Same reason Mexico and the big Euro leagues are more intense than MLS or Scandinavia. For all the progress made in the USA since Paul Caligiuri took a wild shot in Trinidad in 1989, this country is still a good bit behind everyone else. Youth soccer participation plateaued and then started dropping, and while a lot of those kids turn up wearing Messi or Rooney jerseys, a lot more never watch soccer on TV or in person.
So if you want to make a good argument for promotion/relegation, try this:
Pro/rel will help deepen the soccer culture in this country.
And I believe that. Most of what I’m saying here on pro/rel is the same stuff I’ve been saying for 15 years, no matter how much it’s been misrepresented by the PRZ on Twitter. But this is an argument that I can’t remember hearing before. Maybe some people made it, but it was drowned out in all the “PRO/REL WILL OBVIOUSLY MAKE EVERYTHING BETTER BUT MLS/SUM/USSF/STEVE BANNON ARE CONSPIRING TO KEEP THE NFL BIG” nonsense.
This is your argument. This is something you can present to people who have money on the table — not the Monopoly money Silva and company threw at MLS so they could create the narrative that MLS turned down a gazillion bucks to institute pro/rel now.
Is it enough? I don’t know. The other realities still exist. We have a Division I soccer league now where we didn’t in 1992, and it’s because people were enticed to invest in a scheme that reduced the risk from “might as well burn your money” to “there’s a small chance this might work.” If you’d told people in 1992 we’d have a soccer league that consistently drew 40,000 people in Atlanta and Seattle, people would’ve laughed at you. (Especially Atlanta. I grew up in Georgia, and I’m astounded.)
But if the pro/rel crowd is willing to drop the nonsense, along with the conspiracy talk and nonsensical legal actions, maybe there’s a chance to win the argument.
If I were elected USSF president (no, I’m not running — there’s a reason a lot of sane, qualified people from Peter Wilt to Julie Foudy aren’t interested), I’d do the following:
- Divisions 2 and 3 go pro/rel next year. I’m torn on whether the USL brand name should stay. The NASL brand name should not. It has a history of incompetence, and even the glory days of the late 70s were built on non-traditional glitzy Americanized soccer. Besides, given the existence of Mexico, the “North American” part of the brand name never rang true. Keep the clubs — to start, put the clubs on the soundest financial foundation in D2 and the others in D3.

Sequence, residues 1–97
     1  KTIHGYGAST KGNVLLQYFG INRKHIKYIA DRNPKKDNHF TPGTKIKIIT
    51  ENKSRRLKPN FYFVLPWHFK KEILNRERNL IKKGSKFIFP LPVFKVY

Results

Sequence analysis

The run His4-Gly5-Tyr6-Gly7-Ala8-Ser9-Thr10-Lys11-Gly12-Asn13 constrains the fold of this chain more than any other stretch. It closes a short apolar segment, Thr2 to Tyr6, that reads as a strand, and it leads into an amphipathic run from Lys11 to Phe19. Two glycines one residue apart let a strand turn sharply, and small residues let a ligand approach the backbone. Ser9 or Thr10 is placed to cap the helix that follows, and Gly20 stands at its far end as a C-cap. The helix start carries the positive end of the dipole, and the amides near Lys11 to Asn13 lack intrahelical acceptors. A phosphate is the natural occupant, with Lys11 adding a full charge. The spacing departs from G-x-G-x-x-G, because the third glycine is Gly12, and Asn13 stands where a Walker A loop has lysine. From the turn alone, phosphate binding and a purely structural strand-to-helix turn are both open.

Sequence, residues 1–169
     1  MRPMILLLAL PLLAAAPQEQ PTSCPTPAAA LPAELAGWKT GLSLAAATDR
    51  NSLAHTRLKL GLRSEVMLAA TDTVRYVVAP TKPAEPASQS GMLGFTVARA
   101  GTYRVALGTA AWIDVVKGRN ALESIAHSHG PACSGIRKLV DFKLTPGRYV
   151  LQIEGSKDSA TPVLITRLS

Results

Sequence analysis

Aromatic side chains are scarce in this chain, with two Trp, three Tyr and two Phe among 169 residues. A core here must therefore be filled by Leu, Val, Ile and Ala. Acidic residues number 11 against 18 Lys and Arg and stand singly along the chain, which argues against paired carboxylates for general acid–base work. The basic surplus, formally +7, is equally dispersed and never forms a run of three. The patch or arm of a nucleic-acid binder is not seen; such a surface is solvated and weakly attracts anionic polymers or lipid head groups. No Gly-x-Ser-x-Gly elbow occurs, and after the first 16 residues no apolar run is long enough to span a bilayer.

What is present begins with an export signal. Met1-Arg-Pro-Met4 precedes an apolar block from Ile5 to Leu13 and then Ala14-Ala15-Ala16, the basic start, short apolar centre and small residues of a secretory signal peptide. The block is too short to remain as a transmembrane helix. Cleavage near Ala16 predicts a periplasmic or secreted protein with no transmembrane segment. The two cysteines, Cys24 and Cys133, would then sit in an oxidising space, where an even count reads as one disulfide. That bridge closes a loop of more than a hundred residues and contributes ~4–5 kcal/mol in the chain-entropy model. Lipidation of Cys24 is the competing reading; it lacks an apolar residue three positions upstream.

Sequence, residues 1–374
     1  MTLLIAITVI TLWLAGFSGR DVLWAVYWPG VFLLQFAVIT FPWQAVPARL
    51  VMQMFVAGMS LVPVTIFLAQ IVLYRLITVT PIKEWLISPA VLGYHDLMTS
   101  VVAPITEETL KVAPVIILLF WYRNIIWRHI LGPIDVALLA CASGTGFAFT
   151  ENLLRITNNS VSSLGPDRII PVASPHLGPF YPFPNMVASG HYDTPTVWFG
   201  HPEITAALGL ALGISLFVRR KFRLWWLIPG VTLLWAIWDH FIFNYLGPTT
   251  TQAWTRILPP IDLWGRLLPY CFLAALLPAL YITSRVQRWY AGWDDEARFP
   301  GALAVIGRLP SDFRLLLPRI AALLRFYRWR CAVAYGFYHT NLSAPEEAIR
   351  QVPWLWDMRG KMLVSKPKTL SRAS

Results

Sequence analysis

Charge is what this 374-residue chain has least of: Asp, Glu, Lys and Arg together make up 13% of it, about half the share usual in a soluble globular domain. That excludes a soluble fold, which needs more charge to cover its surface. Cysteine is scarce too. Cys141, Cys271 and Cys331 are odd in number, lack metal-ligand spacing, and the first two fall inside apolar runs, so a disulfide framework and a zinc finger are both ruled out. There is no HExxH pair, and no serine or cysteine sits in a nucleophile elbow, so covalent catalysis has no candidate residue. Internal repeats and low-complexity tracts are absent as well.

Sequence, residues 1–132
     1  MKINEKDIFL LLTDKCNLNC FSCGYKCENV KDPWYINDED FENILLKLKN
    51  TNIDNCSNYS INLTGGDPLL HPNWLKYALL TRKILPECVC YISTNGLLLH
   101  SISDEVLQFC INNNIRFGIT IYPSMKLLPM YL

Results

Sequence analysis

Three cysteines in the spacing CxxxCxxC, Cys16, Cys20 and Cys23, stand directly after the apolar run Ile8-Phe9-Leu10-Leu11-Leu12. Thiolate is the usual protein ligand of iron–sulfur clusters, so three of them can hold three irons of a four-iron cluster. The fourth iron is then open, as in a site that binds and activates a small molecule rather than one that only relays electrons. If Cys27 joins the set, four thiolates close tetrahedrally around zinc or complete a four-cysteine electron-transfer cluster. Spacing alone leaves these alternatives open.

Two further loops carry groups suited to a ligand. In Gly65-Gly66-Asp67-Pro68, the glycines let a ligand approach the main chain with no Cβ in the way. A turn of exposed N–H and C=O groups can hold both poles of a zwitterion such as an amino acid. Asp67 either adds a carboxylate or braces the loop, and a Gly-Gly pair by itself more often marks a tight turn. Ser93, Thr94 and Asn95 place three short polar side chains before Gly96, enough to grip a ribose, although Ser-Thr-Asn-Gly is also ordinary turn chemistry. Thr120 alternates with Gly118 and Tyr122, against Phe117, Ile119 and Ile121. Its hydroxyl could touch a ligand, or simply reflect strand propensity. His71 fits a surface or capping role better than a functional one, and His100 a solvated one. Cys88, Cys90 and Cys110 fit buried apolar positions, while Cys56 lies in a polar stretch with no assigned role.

- Division 4 becomes the top amateur division (semipro clubs are allowed to compete, but it’ll be mostly amateur, as these leagues are now) for the top tiers of the major amateur leagues — PDL, NPSL, UPSL, Cosmopolitan, GCPL, other USASA Elite Amateur Leagues. Clubs that finish in the top three of these leagues can apply for D3 status — for the foreseeable future, only a few clubs will do that. (At this point, I don’t think we can or should relegate clubs from pro D3 to amateur D4. If D3 gets too big, start a pro D4, more or less mimicking what England has recently done with its fifth tier.) Have a D4 national championship if it’s feasible, replacing some of the existing and sort of redundant national amateur cups.
Two reasons to this. First, it’ll make the lower divisions much more interesting.
And it just might demonstrate to the powers- and purseholders-that-be that there’s a benefit to expanding the pyramid and building a soccer culture.
Or, you know, just yell and scream and sue. That’s working so far, right? And competition between uncooperative leagues worked so well that we’re about to celebrate the 100th anniversary of the ASL, right?
Originally published at rantingsoccerdad.com on October 13, 2017.